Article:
Press Release
March 26, 2018


Senator Sonny Angara has expressed optimism that the free college law would help reduce the number of out-of-school youth in the country.

The Commission on Higher Education (CHED) formally launched on Monday the implementing rules and regulations of Republic Act 10931 or the Universal Access to Quality Tertiary Education Act on Monday.

"Para sa mga papasok sa susunod na school year, libre na ho ang tuition niyo. Maipatutupad na rin sa wakas ang batas na magbibigay oportunidad sa bawat kabataan na maabot ang kaniyang mga pangarap at makapagbigay ng magandang buhay para sa kaniyang pamilya," said Angara, one of the authors of the law and the sponsor of its P40-billion funding.

The senator cited a 2016 survey by the Philippine Statistics Authority which showed that one in every 10 Filipinos aged between 6 and 24 years is an out-of-school child/youth.

Based on the survey, of the 3.8 million out-of-school children/youths, 87% were 16 to 24 years old, 8% were 12 to 15 years old, and 5% percent were 6 to 11 years old.

More than half (53%) of the total out of school children/youths belong to the poorest 30 percent of Filipino families.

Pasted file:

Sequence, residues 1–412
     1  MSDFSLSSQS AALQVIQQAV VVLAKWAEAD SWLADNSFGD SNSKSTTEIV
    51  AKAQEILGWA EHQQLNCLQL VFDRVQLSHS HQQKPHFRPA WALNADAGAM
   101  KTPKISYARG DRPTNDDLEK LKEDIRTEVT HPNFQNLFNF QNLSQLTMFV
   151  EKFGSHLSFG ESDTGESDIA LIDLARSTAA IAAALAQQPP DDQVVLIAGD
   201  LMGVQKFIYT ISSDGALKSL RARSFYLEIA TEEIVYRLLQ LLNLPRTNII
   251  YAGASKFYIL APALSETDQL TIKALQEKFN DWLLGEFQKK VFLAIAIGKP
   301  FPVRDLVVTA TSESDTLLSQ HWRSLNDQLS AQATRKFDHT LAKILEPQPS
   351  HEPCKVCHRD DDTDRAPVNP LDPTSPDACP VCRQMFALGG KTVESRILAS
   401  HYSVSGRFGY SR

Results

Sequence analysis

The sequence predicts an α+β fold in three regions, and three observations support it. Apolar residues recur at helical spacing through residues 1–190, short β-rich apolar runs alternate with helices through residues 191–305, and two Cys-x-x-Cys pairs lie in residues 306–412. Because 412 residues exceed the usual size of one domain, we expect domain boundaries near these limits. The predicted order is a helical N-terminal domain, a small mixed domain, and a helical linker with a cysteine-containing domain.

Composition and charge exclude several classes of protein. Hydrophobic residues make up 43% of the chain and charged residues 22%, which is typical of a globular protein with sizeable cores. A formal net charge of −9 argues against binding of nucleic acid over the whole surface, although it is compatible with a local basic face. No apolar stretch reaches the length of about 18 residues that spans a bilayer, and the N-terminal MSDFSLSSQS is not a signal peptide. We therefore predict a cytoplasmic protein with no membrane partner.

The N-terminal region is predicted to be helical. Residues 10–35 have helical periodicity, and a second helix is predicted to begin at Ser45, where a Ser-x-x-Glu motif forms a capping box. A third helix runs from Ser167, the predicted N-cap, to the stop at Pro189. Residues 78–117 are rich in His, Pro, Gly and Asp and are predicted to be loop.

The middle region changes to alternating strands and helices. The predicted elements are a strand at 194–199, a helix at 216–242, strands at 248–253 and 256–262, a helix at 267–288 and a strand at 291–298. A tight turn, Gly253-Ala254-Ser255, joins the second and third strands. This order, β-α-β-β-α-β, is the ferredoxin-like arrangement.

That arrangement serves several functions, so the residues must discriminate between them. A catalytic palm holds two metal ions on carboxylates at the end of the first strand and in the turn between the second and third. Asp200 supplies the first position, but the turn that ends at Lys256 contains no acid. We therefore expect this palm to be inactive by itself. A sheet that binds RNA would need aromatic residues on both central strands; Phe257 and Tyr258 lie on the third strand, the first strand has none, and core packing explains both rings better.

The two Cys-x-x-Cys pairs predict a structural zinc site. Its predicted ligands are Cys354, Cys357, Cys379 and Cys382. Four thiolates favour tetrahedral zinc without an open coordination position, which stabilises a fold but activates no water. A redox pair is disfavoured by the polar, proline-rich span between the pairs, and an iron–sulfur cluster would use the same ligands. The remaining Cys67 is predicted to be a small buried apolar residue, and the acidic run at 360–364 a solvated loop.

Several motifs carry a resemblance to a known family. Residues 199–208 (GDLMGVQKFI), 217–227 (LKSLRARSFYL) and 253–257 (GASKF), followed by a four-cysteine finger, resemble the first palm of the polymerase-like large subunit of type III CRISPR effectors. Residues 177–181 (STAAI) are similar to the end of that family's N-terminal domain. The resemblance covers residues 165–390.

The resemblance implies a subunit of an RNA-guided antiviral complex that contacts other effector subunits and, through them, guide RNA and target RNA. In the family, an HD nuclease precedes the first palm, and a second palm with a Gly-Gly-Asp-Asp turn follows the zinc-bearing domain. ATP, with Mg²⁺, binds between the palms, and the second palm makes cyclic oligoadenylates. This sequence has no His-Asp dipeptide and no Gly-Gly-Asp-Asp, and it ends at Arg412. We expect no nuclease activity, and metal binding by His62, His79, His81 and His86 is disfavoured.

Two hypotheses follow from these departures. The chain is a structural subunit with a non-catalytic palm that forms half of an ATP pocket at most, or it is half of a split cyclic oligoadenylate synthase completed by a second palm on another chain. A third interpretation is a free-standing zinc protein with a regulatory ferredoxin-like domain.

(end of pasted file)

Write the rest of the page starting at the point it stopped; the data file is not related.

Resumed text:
Angara pointed out that the free elementary and high school system in the country has helped widen the access to education for Filipino children.

Another study has shown that out of 100 students that start elementary education, less than 20 are able to graduate from college, and among the primary reasons for not being able to finish their education were poverty and lack of opportunities.

"Three decades after the free high school law, it's high time that we replicate its benefits to our youth to help them finish college. Dapat ay siguruhin natin na 100 out of 100 na ang makapagtatapos simula elementarya hanggang kolehiyo," said the lawmaker whose father, former Senator Ed Angara, is the author of the Free High School Act of 1988.

RA 10931 covers the tuition, miscellaneous and other school fees of students enrolled in 112 state universities and colleges (SUCs), 78 local universities and colleges (LUCs), and all technical-vocation education and training (TVET) programs registered under the Technical Education and Skills Development Authority.

A Tertiary Education Subsidy will be created to provide allowance to poor students for books, supplies, transportation, room and board, personal computer or laptop, and other education-related personal expenses.

The subsidy will also provide financial support to poor students enrolled in private colleges and universities for the payment of tuition and other fees.

"We are hoping that this landmark law will be implemented smoothly and efficiently. The special financial assistance should reach our poor students to really help them defray the cost of college education," Angara said.

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